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The South China Sea Arbitration

Republic of the Philippines vs.


People’s Republic of China
The Tribunal Decision
• The decisions of the Permanent Court of Arbitration
(PCA) Tribunal can be divided into 5 parts:

1. The Historic Rights and “Nine-Dash Line”


2. The Status of the Features
3. The Lawfulness of Chinese Actions
4. The Harm Dealt to the Marine Environment
5. The Aggravation Dealt by the Dispute
China’s “Historic Rights”
China asserts maritime rights beyond its UNCLOS
entitlements based on several domestic legislations:

 1992 Chinese Law on the Territorial Sea and the


Contiguous Zone;
 1996 Chinese Law on Exclusive Economic Zones; and
 1998 Chinese Law on the Exclusive Economic Zone and the
Continental Shelf.

These are the primary sources of its claim of “historic rights”


and justification for its “nine-dash line” in South China Sea.
Nine-Dash Line
• The Nine-Dash Line—at various times also
referred to as the "10-dash line" and the "11-
dash line"—refers to the demarcation line used
initially by the government of the Republic of
China (ROC / Taiwan) and subsequently also by
the government of the People's Republic of China
(PRC), for their claims of the major part of the
South China Sea
• (It covers 90% of the contested waters)
Nine-Dash Line
• The Nine-Dash Line cut through, and of, areas where
SEA States have entitlements under UNCLOS (EEZ,
Contiguous Zones). [China not having a land mass in the
specified area]

• It would give China rights to within 39 miles of Luzon, 34


miles of Palawan, 24 miles of Malaysia, among others
• These “historic rights” would entitle China to exclusive
sovereign rights and jurisdiction far beyond limits of
maritime zones established by UNCLOS –superseding
and nullifying rights of other States.
Basis of Arbitration
• Article 287 (5) UNCLOS provides that “if the Parties
to a dispute have not accepted the same procedure
for the settlement of the dispute, it may submitted
only to arbitration in accordance with Annex VII”

• Since both Parties have ratified UNCLOS, both are


bound by its Convention including its provisions
under Part XV (settlement of disputes). It satisfies
requirement of “consent” of the Parties.
China’s Non-Acceptance
• On 25 August 2006 (10 years after its
ratification), China makes declaration that it
does not accept the procedures in Part XV,
particularly Article 298.

• Article 298 (a) – “xxx…disputes concerning


interpretation or application of EEZ, Territorial
Sea, Continental Shelf, disputes concerning
military activities and law enforcement”
China’s Non-Acceptance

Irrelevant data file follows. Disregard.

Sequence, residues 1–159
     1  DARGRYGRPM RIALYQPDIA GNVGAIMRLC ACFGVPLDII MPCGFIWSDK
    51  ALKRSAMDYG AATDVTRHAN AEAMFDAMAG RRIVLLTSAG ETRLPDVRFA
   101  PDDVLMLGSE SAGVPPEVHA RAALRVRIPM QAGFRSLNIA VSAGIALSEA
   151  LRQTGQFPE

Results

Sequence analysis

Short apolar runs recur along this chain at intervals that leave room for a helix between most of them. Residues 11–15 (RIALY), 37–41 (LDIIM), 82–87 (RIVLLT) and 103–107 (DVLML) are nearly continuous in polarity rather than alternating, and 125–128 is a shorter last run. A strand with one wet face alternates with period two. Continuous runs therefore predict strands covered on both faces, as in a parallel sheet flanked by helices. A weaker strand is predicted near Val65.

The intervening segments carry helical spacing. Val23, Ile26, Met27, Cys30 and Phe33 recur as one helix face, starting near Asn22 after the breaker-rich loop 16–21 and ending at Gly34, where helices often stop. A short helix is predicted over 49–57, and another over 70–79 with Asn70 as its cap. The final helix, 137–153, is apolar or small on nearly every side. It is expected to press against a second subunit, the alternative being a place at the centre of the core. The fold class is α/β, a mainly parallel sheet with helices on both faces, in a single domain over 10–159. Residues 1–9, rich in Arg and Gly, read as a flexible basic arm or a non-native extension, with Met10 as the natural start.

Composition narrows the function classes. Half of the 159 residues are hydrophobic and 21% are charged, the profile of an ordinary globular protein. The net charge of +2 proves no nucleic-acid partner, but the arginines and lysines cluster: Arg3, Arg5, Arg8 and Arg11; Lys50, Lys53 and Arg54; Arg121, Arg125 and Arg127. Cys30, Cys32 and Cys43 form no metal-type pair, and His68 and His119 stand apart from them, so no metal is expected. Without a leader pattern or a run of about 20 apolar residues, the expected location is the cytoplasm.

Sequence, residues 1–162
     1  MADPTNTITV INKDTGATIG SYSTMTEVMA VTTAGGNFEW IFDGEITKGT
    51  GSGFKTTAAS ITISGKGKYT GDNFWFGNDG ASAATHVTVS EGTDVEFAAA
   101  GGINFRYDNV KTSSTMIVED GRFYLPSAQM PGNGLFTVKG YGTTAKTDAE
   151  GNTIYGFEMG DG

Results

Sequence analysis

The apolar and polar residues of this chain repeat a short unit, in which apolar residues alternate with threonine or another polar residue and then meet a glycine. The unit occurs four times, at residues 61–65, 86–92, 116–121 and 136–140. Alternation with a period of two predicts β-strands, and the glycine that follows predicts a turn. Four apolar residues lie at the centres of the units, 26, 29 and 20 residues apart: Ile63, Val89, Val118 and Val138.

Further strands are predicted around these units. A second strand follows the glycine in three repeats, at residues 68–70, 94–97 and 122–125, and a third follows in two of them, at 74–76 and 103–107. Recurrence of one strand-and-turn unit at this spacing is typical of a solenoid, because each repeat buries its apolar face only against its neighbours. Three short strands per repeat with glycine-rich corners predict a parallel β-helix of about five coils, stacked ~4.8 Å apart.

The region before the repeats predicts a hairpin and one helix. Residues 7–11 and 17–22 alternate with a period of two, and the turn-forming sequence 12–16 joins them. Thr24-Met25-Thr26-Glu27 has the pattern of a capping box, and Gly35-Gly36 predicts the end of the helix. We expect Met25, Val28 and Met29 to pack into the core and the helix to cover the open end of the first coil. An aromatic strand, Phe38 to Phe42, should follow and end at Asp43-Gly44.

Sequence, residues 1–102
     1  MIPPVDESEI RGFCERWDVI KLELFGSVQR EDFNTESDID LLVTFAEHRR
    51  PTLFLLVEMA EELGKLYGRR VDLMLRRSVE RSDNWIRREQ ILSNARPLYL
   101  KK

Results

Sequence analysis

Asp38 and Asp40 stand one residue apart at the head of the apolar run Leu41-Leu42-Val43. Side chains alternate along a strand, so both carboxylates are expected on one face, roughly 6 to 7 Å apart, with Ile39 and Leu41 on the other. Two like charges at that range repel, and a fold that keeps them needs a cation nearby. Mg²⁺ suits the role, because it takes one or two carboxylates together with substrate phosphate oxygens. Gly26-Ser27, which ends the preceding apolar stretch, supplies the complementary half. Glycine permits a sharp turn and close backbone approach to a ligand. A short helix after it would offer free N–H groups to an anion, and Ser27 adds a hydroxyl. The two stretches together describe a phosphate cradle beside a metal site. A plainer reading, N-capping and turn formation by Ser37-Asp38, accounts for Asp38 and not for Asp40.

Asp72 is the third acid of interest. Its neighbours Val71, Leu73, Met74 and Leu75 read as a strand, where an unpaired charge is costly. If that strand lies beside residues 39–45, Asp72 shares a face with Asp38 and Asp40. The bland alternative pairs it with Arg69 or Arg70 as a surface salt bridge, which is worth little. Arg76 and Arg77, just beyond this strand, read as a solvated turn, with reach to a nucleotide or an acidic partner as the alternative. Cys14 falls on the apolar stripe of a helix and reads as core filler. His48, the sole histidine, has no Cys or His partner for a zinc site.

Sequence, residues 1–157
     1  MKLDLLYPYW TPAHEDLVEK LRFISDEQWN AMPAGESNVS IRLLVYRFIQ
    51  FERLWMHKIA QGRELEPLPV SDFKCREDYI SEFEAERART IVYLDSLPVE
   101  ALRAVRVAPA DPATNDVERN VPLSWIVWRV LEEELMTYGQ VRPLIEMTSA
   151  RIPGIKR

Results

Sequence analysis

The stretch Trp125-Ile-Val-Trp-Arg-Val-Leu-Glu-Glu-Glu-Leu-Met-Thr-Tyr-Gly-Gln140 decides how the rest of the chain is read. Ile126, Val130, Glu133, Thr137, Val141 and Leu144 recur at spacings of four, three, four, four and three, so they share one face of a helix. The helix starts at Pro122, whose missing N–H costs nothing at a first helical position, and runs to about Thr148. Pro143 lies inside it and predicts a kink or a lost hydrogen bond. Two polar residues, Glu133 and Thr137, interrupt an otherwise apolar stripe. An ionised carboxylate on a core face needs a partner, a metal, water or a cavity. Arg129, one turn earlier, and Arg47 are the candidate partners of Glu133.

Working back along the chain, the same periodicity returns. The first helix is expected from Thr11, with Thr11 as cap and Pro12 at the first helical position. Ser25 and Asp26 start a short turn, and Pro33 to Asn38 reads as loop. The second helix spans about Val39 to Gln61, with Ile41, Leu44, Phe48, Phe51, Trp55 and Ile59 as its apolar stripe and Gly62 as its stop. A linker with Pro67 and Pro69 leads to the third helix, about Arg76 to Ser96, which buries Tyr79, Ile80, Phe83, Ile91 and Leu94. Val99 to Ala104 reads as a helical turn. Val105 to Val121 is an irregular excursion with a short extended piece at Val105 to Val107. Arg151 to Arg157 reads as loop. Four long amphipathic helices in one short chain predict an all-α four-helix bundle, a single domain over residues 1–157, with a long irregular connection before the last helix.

• Article 9, Annex VII of the UNLOS: “Absence of a
party or failure of a party to defend its case
shall not constitute a bar to the proceedings”

• China’s Foreign Ministry has also highlighted in


its statements, press briefings, and interviews
that it considers non-participation in the
arbitration to be its lawful right under the
Convention.
Limitation on Settlement
The Convention, however, does not address the sovereignty of
States over land territory.

The Tribunal has not been asked to, and does not purport to,
make any ruling as to which State enjoys sovereignty over any
land territory in the South China Sea, in particular with respect to
the disputes concerning sovereignty over the Spratly Islands or
Scarborough Shoal.

None of the Tribunal’s decisions in this Award are dependent on


a finding of sovereignty, nor should anything in this Award be
understood to imply a view with respect to questions of land
sovereignty. (Paragraph 5, PCA Ruling)
China’s Question of Jurisdiction

1. China states that the subject matter raised by the


Philippines’ claims deals with “territorial
sovereignty” over several maritime features in the
South China Sea, thus, it is beyond the scope of
UNCLOS.

It invokes Article 298 (1)(a) on the ground that


Philippines’ submissions concerns sea boundary
delimitations.
China’s Question of Jurisdiction

2. Assuming some of the claims were concerned


with the interpretation and application of
UNCLOS based on maritime delimitation, it
would still be excluded by China, through its
2006 Declaration and consequently not subject
to compulsory arbitration.
China’s Question of Jurisdiction

3. Given that China and the Philippines have


agreed to settle their disputes in the South
China Sea through negotiations, the Philippines
is precluded from initiating arbitration
unilaterally.
China’s Question of Jurisdiction

4. The Philippines failed to fulfil the obligation of


exchanging views with China on the means of
dispute settlement.

5. The Philippines’ initiation of the arbitration is a


typical abuse of compulsory arbitral procedures
stipulated in the UNCLOS.
Philippines’ Clarification
Determination of entitlement to maritime zones and
delimitation of areas where these zones overlap are totally
different.